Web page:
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The New Zealand Railways Magazine, Volume 4, Issue 5 (September 1, 1929)

An Omen of Good Cheer

An Omen of Good Cheer.

Not so Taua. He knelt by the side of the river, his spear-tongued taiaha weapon in front of him, stuck lightly in the ground and slanting against his shoulder, both his hands clasped on it. While the others were speaking he remained silently gazing at the dark rock in mid-stream over which the waters fiercely raged; sometimes its head was covered with spray and then it reappeared black and firm-set, glistening in the moonlight. Warrior after warrior arose by Marama's bright beams and urged Taua to return to Rotorua.

At last Taua rose to reply. His taiaha in his hand, he strode back and forth. Pointing to the rock in the midst of the rapids, he drew a lesson of good omen from it. “I have taken courage from that toka in the rushing waters and the flying foam. I am like that rock now; nothing will turn me back. Your arguments flow over me as the waters flow over that rock. Let us attack our foes again without delay. We shall triumph as surely as that rock stands victorious amidst the raging waters of Waikato!”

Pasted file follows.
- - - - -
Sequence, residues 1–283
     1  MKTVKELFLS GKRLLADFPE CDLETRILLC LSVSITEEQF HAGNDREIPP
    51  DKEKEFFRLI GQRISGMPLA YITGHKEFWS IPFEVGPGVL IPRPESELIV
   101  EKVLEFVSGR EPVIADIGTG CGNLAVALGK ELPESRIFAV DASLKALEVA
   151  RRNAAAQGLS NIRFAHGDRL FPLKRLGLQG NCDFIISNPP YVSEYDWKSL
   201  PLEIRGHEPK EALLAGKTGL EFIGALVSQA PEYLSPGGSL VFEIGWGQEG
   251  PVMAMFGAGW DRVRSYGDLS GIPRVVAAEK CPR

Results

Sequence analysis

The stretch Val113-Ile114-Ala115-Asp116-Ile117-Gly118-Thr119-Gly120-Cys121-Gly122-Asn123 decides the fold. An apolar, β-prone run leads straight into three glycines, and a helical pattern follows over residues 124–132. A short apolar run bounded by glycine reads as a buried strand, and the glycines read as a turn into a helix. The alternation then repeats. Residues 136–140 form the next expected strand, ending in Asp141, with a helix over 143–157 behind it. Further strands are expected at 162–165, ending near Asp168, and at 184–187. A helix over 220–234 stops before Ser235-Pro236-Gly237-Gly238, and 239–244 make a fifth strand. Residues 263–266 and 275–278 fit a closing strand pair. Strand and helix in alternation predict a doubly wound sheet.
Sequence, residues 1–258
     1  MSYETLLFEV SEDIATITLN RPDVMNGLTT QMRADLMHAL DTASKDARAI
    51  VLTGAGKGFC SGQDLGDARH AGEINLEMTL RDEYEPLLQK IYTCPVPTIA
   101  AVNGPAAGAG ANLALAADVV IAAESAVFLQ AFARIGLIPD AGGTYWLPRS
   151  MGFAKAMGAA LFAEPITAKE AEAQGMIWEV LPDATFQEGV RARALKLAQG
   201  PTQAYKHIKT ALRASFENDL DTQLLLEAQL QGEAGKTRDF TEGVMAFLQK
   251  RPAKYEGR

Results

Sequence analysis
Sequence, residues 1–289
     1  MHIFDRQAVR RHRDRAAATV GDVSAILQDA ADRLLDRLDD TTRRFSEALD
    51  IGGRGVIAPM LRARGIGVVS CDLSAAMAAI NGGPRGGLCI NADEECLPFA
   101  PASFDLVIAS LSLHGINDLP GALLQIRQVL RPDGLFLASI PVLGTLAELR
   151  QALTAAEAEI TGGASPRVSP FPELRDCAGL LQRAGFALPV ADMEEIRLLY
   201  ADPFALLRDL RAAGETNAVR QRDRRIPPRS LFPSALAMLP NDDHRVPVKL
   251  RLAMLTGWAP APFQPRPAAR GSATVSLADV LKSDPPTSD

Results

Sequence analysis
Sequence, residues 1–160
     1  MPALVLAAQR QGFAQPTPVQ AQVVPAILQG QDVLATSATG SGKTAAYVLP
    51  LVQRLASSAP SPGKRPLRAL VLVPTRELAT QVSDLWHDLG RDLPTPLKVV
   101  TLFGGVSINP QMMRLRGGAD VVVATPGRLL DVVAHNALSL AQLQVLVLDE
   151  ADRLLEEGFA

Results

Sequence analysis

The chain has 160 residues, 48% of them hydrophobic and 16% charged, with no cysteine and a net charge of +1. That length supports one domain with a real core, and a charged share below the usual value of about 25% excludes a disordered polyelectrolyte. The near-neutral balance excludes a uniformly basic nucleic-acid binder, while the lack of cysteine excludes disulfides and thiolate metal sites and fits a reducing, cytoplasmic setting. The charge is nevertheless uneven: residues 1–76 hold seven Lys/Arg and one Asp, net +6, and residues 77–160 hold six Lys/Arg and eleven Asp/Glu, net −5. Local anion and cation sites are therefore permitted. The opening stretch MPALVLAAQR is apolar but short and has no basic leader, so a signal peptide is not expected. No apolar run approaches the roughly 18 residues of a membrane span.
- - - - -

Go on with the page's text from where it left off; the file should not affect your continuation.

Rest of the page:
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Taua's speech carried all before it. His followers became animated with his forceful and heroic spirit.

“Yes,” said the warriors, “let us strike the foe again! This time we shall be the conquerors!”